In 1937, the U.S. Army Corps of Engineers (USACE) completed construction of Bonneville Dam, located forty-two miles east of Portland on the Columbia River. The dam’s turbines, connected to electrical generators, create electricity when water is diverted through gates that cause the turbine to spin. During construction, the USACE employed …
Workers at Bonneville Dam Site, 1935
This 1935 photograph shows workers excavating volcanic rock at the construction site of Bonneville Dam on the Columbia River. Workers used jackhammers and explosives to remove rock in preparation for a spillway dam, a powerhouse, and navigation locks. Between 1934 and 1937, roughly three thousand workers labored day and night in successive eight-hour shifts to build the dam.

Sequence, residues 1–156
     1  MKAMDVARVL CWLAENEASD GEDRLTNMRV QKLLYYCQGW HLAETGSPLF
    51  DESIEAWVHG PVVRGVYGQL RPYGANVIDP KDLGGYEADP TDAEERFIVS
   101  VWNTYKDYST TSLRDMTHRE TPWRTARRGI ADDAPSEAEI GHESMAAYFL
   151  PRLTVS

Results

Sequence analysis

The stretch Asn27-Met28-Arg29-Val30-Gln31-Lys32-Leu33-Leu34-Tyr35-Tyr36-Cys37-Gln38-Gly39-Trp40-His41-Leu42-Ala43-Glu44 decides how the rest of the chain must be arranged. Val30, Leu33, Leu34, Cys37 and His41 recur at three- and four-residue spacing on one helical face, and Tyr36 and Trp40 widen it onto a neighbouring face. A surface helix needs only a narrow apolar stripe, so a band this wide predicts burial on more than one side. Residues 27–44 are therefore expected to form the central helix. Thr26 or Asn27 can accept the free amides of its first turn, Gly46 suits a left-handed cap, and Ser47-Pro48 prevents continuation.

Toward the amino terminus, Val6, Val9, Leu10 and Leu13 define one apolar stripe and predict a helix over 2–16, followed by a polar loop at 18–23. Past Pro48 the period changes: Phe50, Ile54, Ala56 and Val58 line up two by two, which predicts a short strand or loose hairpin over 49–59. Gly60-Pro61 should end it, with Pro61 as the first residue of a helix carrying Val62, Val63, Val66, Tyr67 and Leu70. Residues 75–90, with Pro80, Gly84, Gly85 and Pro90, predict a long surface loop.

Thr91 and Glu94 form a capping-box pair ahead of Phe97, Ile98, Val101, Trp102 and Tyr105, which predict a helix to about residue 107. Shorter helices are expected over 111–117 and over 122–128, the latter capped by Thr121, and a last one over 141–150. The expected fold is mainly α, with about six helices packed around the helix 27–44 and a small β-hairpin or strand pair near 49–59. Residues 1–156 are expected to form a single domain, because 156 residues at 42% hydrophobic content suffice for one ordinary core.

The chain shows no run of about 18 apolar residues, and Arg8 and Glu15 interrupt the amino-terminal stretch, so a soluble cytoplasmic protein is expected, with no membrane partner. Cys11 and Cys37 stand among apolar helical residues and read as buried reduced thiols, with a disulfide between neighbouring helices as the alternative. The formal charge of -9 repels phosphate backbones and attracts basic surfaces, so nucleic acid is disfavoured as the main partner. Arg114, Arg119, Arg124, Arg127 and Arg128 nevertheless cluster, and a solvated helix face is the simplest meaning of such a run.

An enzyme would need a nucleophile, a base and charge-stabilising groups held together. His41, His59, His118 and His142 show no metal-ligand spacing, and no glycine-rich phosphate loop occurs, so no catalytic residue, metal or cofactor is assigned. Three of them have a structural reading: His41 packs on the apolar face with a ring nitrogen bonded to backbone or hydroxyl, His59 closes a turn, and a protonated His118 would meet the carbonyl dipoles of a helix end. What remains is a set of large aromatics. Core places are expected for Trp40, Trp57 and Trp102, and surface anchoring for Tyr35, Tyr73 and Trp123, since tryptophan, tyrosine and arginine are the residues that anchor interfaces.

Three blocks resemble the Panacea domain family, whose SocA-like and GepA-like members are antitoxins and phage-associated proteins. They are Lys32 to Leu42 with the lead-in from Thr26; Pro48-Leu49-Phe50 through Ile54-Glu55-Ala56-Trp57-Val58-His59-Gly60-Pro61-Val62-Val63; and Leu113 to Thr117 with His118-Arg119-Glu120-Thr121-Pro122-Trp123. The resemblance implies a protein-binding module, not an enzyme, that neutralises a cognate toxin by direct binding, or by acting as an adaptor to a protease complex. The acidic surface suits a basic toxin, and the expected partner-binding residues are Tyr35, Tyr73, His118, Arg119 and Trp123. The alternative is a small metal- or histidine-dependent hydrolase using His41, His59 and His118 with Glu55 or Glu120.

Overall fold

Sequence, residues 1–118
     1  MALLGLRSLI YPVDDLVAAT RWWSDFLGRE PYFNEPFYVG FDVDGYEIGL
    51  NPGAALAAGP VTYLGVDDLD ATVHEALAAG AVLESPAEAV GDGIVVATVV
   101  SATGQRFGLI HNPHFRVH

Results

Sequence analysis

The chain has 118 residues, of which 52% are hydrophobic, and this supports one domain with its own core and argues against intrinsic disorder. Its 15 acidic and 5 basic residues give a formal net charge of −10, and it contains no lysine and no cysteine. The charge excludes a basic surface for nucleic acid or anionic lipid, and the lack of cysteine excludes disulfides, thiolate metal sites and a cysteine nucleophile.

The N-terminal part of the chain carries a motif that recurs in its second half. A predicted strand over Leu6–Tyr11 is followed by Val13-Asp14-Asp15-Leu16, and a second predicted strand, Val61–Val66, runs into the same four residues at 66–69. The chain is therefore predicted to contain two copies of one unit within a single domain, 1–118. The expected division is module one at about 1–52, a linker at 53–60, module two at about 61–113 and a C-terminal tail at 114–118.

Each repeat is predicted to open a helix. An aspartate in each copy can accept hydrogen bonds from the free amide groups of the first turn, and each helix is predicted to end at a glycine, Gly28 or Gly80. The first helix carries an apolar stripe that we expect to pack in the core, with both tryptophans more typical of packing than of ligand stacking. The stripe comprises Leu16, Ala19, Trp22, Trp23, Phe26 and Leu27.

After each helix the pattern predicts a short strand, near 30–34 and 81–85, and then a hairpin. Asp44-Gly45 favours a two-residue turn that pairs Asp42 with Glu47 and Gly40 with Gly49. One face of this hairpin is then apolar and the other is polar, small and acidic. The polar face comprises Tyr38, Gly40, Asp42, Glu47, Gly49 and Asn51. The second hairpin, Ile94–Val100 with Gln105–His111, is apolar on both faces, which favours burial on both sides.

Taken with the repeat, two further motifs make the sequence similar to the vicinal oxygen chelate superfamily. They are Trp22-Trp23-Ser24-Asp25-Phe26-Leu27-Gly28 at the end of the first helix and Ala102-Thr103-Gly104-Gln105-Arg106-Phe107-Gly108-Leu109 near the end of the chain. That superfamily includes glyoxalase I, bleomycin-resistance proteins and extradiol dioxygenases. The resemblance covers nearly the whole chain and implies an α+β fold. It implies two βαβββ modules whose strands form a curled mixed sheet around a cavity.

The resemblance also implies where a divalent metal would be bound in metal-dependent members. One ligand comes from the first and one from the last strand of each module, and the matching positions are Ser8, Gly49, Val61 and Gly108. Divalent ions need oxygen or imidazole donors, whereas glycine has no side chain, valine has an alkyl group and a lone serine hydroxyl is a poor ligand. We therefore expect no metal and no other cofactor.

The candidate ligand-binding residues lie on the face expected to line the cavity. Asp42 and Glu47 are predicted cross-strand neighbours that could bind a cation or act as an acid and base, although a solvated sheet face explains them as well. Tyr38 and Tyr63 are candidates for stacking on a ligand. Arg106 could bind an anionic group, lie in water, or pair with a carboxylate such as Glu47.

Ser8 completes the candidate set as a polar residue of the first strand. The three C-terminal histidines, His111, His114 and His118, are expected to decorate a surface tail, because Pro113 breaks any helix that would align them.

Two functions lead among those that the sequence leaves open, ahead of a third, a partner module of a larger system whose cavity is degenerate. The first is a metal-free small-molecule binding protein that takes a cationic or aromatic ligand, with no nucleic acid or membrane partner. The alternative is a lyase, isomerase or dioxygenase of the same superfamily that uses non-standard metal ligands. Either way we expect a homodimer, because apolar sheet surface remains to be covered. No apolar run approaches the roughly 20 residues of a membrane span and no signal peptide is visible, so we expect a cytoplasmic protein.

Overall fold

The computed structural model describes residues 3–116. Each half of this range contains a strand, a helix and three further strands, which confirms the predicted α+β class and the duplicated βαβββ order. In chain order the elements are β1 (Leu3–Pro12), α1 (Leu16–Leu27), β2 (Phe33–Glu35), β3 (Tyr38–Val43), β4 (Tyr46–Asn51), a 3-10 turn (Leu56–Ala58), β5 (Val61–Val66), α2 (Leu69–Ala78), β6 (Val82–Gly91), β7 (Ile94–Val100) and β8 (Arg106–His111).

The federal government funded the project through the Public Works Administration (PWA), one of President Franklin D. Roosevelt’s New Deal programs that provided jobs for the unemployed during the Depression. Bonneville was the first of fourteen large dams built on the main stem of the Columbia River.
Workers cleared water from the site by sinking huge wooden cofferdams filled with earth and rock into the river, blocking half of its flow. They then pumped out water from the blocked off area and excavated down to the bedrock. It was dangerous work and one man was killed during the construction.
Scott, Hugh A. “Reminiscence: Hugh A. Scott on Bonneville Dam and the Boom Era.” Oregon Historical Quarterly 88, 1987: 259-84.
Written by Kathy Tucker, © Oregon Historical Society, 2002.
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This entry was last updated on March 17, 2018